The future of the Lumberyard property at the Aspen Airport Business Center is still up in the air, but local officials have decided that it won’t continue to house Builders First Source’s operations.
The Aspen City Council responded to several key questions about the use of the property during a work session earlier this week. The chips fell on either side of questions regarding child care, commercial space, parking and density, but the direction was clear that the council does not have the appetite to reserve 1.75 acres for the private building-supply business as the city-owned land gets developed for affordable housing.
Consultant Jason Jaynes of DHM Design told councilmembers that a threshold was reached in discussions with the business, which will not accept anything smaller than 1.75 acres, and even then may not have the ability to start from scratch by building a new facility. The development community has voiced its support for having an upper-valley opportunity for purchasing building supplies, but respondents outside of the development community feel differently.
“We also heard from the broader general public that they would rather see the site leveraged for housing,” Jaynes said.
Councilmember Rachel Richards joined Ward Hauenstein and Skippy Mesirow in shooting down the option for some sort of building-supply company on the site, even if it were operated by a different business. She pointed out that housing funds were used to purchase the land, and reserving part of it for free-market use would not be appropriate.
“I don’t know how we could legally, with the constraints, allow it to go forward anyhow,” Richards said.
The council gave less definitive direction for other big-picture questions that are still being sorted out through public outreach and stakeholder meetings. Councilmember Ann Mullins called the Lumberyard property a blank canvas, which means there is great potential for myriad results, but also the risk of overanalyzing and not moving forward with something.
Chris Everson, the city’s affordable housing project manager, agreed that plans are still in a nascent phase, especially as they relate to other new developments underway in Burlingame, Waterplace and three rental properties that are going online this year.
“This one is the furthest behind,” Everson said.
Jaynes told councilmembers that in the outreach that has been conducted, it is clear the community has mixed expectations for the housing development. Among those, he cited density, mixed use and child care facilities on the property.
“We are not going to get to a place of community consensus,” he said.
Hauenstein said public outreach thus far has asked individuals what they would prefer in a new housing development, but it’s up to the council to consider broader needs.
“We are asking what does the community need, so there are conflicting values here,” he said.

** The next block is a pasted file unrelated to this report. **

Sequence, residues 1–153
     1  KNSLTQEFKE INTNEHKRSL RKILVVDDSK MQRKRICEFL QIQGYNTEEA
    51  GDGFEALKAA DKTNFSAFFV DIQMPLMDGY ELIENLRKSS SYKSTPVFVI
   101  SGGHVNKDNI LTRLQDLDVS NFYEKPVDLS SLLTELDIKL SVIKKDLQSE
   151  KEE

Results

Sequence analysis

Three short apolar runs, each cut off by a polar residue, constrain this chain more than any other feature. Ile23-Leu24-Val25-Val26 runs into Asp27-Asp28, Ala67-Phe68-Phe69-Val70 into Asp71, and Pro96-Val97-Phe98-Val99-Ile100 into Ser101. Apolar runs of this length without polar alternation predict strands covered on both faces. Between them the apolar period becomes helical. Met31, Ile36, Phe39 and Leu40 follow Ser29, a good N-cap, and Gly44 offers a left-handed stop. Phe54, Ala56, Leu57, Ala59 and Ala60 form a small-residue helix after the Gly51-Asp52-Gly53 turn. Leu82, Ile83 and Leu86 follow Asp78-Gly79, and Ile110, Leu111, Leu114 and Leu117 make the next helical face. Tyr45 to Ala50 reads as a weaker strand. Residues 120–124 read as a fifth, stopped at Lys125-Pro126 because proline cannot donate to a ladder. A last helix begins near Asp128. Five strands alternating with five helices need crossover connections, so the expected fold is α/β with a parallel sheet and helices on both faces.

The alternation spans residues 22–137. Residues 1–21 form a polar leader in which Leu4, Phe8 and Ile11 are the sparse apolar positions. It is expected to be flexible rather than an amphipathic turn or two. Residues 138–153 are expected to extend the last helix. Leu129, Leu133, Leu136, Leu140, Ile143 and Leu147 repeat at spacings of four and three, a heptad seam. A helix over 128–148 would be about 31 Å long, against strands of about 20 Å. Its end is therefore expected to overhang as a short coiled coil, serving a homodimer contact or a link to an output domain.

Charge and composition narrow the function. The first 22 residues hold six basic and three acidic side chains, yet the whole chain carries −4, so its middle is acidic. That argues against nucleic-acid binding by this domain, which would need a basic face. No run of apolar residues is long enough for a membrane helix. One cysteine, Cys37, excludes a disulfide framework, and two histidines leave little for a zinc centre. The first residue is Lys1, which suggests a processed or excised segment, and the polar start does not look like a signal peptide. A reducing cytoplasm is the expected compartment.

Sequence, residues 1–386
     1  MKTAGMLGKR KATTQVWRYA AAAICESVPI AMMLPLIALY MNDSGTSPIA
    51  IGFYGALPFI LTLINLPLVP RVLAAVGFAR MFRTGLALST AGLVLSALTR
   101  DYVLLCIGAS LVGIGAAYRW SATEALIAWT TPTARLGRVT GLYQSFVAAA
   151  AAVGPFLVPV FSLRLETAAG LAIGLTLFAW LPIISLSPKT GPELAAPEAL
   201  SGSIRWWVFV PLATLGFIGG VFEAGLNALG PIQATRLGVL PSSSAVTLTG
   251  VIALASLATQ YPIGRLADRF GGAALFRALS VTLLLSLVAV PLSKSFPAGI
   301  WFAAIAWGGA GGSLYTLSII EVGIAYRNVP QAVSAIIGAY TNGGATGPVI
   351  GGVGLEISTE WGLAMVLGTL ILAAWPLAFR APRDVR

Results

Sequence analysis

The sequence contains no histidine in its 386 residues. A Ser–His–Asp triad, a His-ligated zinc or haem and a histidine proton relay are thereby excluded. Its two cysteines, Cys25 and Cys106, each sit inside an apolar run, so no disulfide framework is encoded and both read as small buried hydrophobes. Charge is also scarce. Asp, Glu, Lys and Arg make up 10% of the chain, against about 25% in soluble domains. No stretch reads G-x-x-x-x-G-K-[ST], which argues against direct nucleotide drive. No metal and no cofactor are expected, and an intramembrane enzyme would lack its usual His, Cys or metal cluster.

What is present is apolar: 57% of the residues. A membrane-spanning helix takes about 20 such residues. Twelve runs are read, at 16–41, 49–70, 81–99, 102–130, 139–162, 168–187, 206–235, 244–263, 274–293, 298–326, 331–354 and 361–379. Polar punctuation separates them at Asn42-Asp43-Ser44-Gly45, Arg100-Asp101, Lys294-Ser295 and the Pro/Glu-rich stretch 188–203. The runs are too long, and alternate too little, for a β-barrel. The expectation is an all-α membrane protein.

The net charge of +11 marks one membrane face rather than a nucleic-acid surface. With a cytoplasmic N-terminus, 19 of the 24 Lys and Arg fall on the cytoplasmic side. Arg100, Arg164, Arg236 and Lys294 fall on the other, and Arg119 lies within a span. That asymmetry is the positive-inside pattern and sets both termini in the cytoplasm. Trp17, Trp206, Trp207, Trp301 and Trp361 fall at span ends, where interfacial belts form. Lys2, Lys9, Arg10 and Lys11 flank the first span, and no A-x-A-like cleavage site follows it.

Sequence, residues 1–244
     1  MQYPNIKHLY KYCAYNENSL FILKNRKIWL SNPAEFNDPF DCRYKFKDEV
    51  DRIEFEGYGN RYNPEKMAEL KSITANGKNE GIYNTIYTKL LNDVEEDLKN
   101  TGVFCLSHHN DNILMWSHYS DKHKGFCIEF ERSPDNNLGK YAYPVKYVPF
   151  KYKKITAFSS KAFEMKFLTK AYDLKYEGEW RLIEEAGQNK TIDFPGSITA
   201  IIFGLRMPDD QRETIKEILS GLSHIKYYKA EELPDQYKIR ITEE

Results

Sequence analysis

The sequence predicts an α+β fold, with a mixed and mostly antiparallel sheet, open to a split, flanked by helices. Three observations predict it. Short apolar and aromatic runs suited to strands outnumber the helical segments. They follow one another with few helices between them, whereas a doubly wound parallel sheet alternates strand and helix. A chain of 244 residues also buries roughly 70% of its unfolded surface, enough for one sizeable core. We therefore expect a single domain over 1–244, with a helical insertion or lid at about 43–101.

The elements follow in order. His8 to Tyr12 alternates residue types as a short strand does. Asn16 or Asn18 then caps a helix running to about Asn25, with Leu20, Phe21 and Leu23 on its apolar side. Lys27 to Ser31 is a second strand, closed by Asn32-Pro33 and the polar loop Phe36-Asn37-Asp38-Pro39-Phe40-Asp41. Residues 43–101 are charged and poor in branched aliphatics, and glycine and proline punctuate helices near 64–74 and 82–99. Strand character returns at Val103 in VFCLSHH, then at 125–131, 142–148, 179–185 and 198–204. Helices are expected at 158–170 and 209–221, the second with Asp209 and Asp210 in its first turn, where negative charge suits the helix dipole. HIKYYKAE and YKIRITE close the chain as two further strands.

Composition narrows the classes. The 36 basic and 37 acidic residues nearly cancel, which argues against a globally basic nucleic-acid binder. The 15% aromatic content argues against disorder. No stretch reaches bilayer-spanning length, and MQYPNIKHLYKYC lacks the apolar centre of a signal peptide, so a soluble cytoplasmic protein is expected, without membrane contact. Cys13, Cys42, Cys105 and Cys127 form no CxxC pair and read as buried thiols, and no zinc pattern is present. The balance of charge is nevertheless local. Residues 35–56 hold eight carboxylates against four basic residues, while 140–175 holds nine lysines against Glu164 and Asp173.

Like the public, council was split on the appropriate density for the lot. Three hypothetical layouts were presented at the meeting, showing a range of 140 to 215 new units. Mayor Torre and Mesirow broke from the rest of council, saying even the top numbers were not dense enough.
“We need this to be a housing-first project,” Mesirow said. “There is no reason we can’t get 500 units here.”
Mullins disagreed, saying at some point too much housing is not a benefit to the residents.
“Yes we need more housing but bottom line we are trying to create a community, she said. “[We need] whatever density allows for other amenities that create a strong community.”
Councilmembers also disagreed about providing parking for the new apartments. The concepts shown include ground-level or subgrade parking in order to keep the visual effect of new housing to two stories. The area’s zoning allows for three-story buildings.
Several council members expressed concern about the price tag of building underground parking. Torre, Hauenstein and Mesirow all suggested providing less than the standard one-car-per-bedroom rate, or requiring residents to park three miles away at the Brush Creek Park and Ride, formerly known as the Intercept Lot.
Richards, who resides in affordable housing, said placing additional burdens on the workforce that will be living in the new units was akin to creating a class system of local residents.
“I don’t like saying that people who live in affordable housing are second-class citizens, and don’t have a right to a car that those in the free market do,” Richards said.
The conversation about parking was intertwined with the question of a mixed-use commercial element on the site. Again the council was mixed, with some saying the AABC could provide all business needs for the new residents and there should not be stores, services or restaurants on site.
Others questioned if the current offerings or potential real estate in the AABC could handle the influx, and what the unintended consequences would be if there were a dearth of commercial offerings nearby.
“If there is something that is not available in the AABC, then people are driving to get it,” Mullins said.
Lastly, councilmembers said they were open to a reserved space for child care on the premises, but wanted the decision to be considered in the context of several other potential child care facilities coming online, including one in Burlingame and one at the North 40 Fire Station.
The project team will take the feedback from this week and continue to refine alternative conceptual drawings. Groundbreaking for the project is projected to be in 2025.